The government must launch a concerted 3 month anti-corruption blitz to educate the public and create awareness about its ramifications!

Just as the H1N1 virus is threatening the health of  Malaysians, bribery and corruption must be viewed as hazardous to the health of the citizen body! If left unchecked both diseases can be pandemic and destroy the well-being of Malaysians throughout the country. In the end the nation itself will be crippled by these scourges of society!

The campaign must be efficiently managed to reach the people from all walks of life through the media and public platforms. Slogans, catch phrases, headlines and posters must appear on TV, newspapers, the walls of offices, schools, shopping complexes, bus and train stations and community halls – in fact at all public venues. Everywhere the people must see, hear and be reminded of the dangers that bribery and corruption bring to the individual and society. 

It is time for The National Integrity Institute and Transparency International to spread their wings beyond the walls of government departments and selected platforms and educate the masses, if their hard work is to be at all effective. Reach out to the lay person, to the man in the street who may not be well informed. Go out to the outlying areas and engage the people in public discourse and discussions about the dangers of corruption. Get them to offer their own ideas on ways of combatting the disease which will affect them and their families!

Religious leaders play a key role in reminding their congregations about the (im) moral aspects of these societal crimes. If the young and old are constantly reminded that bribery and corruption are acts which are shunned by their faiths and religions, there will be a spiral effect on the community. Bribery and corruption must be projected as sins committed against one’s self, one’s community, one’s society and one’s God!


In this the Ministry of Information, Communication and Culture must play a vital role in getting the resources, mental and man power to launch and sustain a campaign which will have a more lasting effect than all the parades, concerts and tourism blitz that Malaysians have been inundated with!

Enough of the entertainment and enjoyment aspects of public awareness! Let’s focus on education and knowledge!



Anti-corruption awards under the heading “Children against corruption” took place within the framework of “Who if not we” project. The children were awarded for their best anti-corruption pictures and slogans. Two hundred thirty pictures were submitted from Yerevan and 5 marzes of Armenia and 12 were found the best, Gayane Tonoyan, project coordinator of OSCE Yerevan Office said today. In her words, the pictures and the slogans that were approved by the jury are printed in 2008 calendar.

During the event, an anti-corruption interactive performance was staged titled “Once in a medical clinic.” The performance was staged by a public organization, “The future is yours.” In the words of NGO chair Narine Sargsyan, this is an effective way to combat corruption.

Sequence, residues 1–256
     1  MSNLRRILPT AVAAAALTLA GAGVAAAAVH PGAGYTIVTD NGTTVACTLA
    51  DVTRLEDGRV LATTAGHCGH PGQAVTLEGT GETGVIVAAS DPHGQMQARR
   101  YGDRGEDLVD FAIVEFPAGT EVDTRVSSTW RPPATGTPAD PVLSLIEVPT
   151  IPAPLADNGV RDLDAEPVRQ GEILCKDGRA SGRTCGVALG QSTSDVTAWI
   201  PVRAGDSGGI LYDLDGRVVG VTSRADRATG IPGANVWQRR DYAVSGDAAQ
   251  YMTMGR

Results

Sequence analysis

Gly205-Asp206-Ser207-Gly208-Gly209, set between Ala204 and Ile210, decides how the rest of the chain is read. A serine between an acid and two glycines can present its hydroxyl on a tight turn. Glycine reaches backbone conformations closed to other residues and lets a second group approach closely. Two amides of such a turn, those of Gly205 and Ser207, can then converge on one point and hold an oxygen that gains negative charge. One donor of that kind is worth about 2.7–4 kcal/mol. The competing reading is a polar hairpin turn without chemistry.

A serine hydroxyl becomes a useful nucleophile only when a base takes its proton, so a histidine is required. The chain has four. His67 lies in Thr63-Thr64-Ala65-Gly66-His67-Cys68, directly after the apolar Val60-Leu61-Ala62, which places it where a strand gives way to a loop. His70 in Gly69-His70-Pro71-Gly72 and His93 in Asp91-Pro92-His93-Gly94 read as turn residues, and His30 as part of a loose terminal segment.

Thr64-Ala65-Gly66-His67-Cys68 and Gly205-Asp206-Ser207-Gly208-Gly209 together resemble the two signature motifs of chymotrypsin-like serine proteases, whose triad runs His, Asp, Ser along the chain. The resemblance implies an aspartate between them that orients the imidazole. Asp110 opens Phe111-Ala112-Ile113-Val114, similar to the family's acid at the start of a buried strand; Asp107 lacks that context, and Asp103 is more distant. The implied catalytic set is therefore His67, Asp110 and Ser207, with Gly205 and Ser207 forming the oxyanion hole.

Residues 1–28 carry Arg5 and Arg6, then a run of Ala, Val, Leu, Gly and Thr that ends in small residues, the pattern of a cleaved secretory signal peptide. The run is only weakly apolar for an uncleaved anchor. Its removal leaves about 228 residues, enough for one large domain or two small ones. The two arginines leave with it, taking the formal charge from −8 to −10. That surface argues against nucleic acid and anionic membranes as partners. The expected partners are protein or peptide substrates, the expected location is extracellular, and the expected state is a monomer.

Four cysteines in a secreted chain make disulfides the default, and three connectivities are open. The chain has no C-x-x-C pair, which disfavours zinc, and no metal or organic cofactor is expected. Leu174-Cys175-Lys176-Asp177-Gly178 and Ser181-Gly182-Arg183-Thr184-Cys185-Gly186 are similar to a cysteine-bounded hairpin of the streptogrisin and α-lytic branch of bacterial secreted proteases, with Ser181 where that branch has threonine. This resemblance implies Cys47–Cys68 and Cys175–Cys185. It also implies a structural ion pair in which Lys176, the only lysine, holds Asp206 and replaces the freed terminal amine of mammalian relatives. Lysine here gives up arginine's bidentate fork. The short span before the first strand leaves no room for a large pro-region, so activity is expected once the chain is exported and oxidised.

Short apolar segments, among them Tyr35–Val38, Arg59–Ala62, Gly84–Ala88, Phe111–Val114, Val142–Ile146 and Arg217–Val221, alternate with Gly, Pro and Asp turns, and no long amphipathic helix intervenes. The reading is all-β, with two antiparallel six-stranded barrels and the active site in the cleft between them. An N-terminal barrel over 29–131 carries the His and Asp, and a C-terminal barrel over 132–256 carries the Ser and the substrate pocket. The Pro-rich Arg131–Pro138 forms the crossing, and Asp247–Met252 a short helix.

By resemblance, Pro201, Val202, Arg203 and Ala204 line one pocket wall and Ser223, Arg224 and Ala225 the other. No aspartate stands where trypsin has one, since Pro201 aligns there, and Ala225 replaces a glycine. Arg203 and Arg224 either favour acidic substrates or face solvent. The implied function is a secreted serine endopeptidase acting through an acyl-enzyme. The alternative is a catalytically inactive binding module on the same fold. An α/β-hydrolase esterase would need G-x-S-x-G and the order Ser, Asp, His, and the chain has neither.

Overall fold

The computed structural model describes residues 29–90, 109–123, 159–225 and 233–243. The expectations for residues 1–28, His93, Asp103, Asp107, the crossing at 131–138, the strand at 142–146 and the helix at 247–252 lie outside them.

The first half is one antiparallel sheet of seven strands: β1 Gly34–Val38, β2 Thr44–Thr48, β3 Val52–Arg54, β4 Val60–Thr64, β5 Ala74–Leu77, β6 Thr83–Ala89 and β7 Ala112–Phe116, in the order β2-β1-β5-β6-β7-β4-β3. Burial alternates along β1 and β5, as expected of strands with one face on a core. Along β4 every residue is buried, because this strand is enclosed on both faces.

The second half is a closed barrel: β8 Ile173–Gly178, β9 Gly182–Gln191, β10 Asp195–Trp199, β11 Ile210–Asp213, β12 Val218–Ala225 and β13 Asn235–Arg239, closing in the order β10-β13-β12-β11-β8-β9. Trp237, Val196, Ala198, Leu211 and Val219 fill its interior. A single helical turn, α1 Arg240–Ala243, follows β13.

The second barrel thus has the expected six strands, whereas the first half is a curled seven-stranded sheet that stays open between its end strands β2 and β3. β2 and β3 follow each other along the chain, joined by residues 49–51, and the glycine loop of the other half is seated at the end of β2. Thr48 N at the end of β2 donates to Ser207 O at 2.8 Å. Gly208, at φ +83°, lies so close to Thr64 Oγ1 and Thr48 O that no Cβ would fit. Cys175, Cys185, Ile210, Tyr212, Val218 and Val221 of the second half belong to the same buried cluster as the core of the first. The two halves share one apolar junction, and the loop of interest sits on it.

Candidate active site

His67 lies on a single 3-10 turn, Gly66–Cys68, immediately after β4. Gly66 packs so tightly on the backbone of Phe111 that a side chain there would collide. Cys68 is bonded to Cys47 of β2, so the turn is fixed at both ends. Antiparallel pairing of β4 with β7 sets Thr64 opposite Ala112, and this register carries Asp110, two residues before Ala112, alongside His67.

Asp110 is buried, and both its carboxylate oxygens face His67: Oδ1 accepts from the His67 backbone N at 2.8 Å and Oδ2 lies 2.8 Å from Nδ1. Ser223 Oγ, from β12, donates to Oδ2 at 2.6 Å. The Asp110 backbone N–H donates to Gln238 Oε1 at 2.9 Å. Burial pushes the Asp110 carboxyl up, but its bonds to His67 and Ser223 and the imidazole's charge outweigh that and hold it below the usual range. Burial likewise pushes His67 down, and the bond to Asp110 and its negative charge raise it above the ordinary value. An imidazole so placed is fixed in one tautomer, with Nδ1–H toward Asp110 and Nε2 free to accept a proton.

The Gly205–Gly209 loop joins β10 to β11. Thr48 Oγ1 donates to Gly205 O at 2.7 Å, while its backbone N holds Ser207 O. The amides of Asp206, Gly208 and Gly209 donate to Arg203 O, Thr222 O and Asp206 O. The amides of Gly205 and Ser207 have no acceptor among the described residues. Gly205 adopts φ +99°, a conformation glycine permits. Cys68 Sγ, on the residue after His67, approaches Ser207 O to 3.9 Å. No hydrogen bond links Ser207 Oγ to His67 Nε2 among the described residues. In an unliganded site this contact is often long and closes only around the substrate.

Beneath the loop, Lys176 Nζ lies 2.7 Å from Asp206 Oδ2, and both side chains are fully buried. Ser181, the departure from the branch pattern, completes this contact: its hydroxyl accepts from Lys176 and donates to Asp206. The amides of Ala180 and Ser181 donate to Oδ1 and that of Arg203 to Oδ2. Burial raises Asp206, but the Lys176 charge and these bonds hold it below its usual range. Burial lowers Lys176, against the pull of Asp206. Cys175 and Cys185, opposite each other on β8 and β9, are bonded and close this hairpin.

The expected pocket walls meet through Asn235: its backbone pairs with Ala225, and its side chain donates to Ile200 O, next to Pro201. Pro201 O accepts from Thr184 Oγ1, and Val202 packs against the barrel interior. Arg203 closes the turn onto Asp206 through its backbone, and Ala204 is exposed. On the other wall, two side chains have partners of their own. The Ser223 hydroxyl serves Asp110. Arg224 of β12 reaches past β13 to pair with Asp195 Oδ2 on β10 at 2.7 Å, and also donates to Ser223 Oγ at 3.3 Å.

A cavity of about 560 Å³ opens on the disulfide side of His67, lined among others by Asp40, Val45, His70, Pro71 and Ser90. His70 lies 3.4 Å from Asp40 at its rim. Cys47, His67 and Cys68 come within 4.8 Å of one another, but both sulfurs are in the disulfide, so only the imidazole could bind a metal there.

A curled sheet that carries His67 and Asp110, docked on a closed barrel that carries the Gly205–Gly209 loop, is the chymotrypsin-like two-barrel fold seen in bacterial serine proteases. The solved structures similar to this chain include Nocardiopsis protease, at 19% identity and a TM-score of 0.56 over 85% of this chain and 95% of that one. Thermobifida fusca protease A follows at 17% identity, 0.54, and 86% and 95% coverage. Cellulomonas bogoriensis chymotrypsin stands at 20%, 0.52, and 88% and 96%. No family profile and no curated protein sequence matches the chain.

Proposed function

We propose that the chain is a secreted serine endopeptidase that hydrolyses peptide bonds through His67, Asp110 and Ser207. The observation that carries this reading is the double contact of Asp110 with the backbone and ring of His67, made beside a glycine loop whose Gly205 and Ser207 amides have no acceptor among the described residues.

Source: Panorama.am

Bangladesh Anti-Corruption Day

Bangladesh Anti-Corruption Day Photos.


Bangladeshi people participate in an anti-corruption rally ahead of International Anti-Corruption Day in Dhaka, Bangladesh, Thursday, Dec. 4, 2008. International Anti-Corruption Day will be observed on Dec. 9. The banner in Bengali reads: “wake against corruption, anti-corruption day rally.” (AP Photo/Pavel Rahman)

2 Responses to “”

  1. August 12, 2009 at 2:45 pm

    Read your letter to editor. Good on you! But will they take heed?

  2. 2 ninitalk
    August 12, 2009 at 5:42 pm

    The government will if there is enough pressure from civil society. After all the Prime Minister has said he likes reading letters to the editor where he gets an idea of what/ how the public thinks! He has also said he welcomes constructive criticism and good ideas!

    I think the idea of a public campaign is a good one and has been successfully implemented in Singapore. They had the anti-litter, anti-chewing gum, courtesy, smile, help the elderly campaigns etc which went down well with the people. It’s like the school campaigns we had – Speak English week, Charity and Welfare week etc etc!

    With bribery and corruption, the campaign has to be multi-pronged and widespread because the problem is multi-faceted and implicates a wide spread of the population at all levels and in every sector.

    Actually the thinking has been partly done by the National Integrity Institute but they are not moving fast enough. Their target groups are small. They need the support of the media and an outreach programme!

    The infrastructure is already there e.g. the UMNO hierarchy, the National Service groups, schools, universities and IPTs, NGOs, the mosques, temples and churches. Galvanize them.

    Most important of all they must all “speak the same language”!

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